To ferment vegetables, salt is either added directly to them or is dissolved in water to make a brine. The salt should be pure, with no iodine or other additives like anti-caking ingredients. To ensure accuracy, the salt should be weighed instead of being measured by volume. Whole vegetables or large chunks require a more concentrated brine than shredded or chopped vegetables. Bottled water is best for the brine because it doesn’t have such additives as chlorine, which inhibits the growth of the bacteria needed for fermentation.
The container for fermenting must be non-reactive; it can be ceramic, glass, food-grade plastic or stainless steel. Miller advises using glass so that you can watch the process, and because the vegetables are attractive. He recommends using an air-lock fermentation kit, which he developed. To keep the vegetables submerged in the brine, you need a weight. When using an ordinary jar, you can weight the vegetables with a plastic bag filled with brine. Avoid closing the jar tightly, so that the fermentation gases can escape. The jar of fermenting vegetables can be left in a room that has light, but not direct sunlight. If the jar gets too hot for a long time, the vegetables can develop off-flavors; don’t keep it next to the stove or on the refrigerator.
After you have finished a jar of fermented vegetables, you can use the remaining brine to season salad dressings or cold soups. Miller puts hard-boiled eggs in the brine to pickle them, and uses them to make delicious deviled eggs. Like cheese and sausages, fermented vegetables were developed by necessity but are loved because of their flavor. 
Cabbage Kimchi
Traditional kimchi recipes often call for fish sauce, but this recipe is vegan. To flavor this amount of kimchi Miller uses 1 teaspoon Korean red pepper powder, which is semihot. You can substitute red pepper flakes or 2 red chili peppers. A 1.5-liter (1½-quart) jar needs a total of about 1 kg (2¼ pounds) of vegetables.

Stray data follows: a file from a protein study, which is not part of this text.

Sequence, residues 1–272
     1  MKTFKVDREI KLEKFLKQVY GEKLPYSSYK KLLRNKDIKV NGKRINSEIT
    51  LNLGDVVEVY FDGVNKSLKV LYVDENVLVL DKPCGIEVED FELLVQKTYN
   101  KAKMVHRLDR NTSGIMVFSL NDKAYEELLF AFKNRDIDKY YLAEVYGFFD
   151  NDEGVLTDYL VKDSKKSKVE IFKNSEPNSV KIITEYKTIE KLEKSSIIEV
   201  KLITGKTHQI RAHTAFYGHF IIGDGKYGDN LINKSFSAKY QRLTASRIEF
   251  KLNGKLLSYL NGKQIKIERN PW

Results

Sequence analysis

Makes 1.5 liters (1½ quarts)
■ 21 gr. (0.75 ounce) pickling, canning, kosher salt or sea salt
■ 680 to 800 gr. (1.5 to 1.75 lb.) Napa cabbage (Chinese cabbage), cored and coarsely chopped
■ 110 gr. (4 ounces) daikon radish or Korean radish, cut in sticks
■ 110 gr. (4 ounces) carrots, cut in sticks
■ 2 green onions, sliced on the bias (white and green parts)
■ 2 cloves garlic, chopped, minced or whole
■ 1 tsp. semi-hot red pepper powder or pepper flakes
■ 1½ Tbsp. grated or julienned fresh ginger
For the brine:
■ 28 gr. (1 ounce) of salt per liter (per quart) of water
Mix all ingredients, except for the brine, thoroughly in a bowl and pack firmly into a clean, 1.5-liter (1½-quart) jar.
Place a clean weight (such as a glass or a Ziploc bag filled with brine) on top of vegetables to force water out of them. Let stand about 15 minutes. Add enough brine to completely submerge the vegetables. You may not need all the brine or you may need more, depending on how you packed the vegetables. Cover jar with cloth, or with a lid without sealing it completely.
Store at 21º to 27ºC (70º to 80ºF) while fermenting. At this temperature range, kimchi will be fully fermented in about 1 to 2 weeks; at 15.5º to 18ºC (60º to 65ºF), fermentation may take 3 to 4 weeks. At temperatures lower than 15.5ºC (60ºF), kimchi may not ferment. Above 27ºC (80ºF), kimchi may become soft.
Fully fermented kimchi may be kept tightly covered in the refrigerator for several months.
Kosher Dill Pickles
For the best pickles, Miller recommends using firm small cucumbers. If you want crisp pickles, the cucumbers should be as fresh as possible, ideally within 48 hours of being harvested. The cucumbers must not be waxed. You can ferment them whole or halve them lengthwise. Vinegar is optional but can help make the pickles crisper.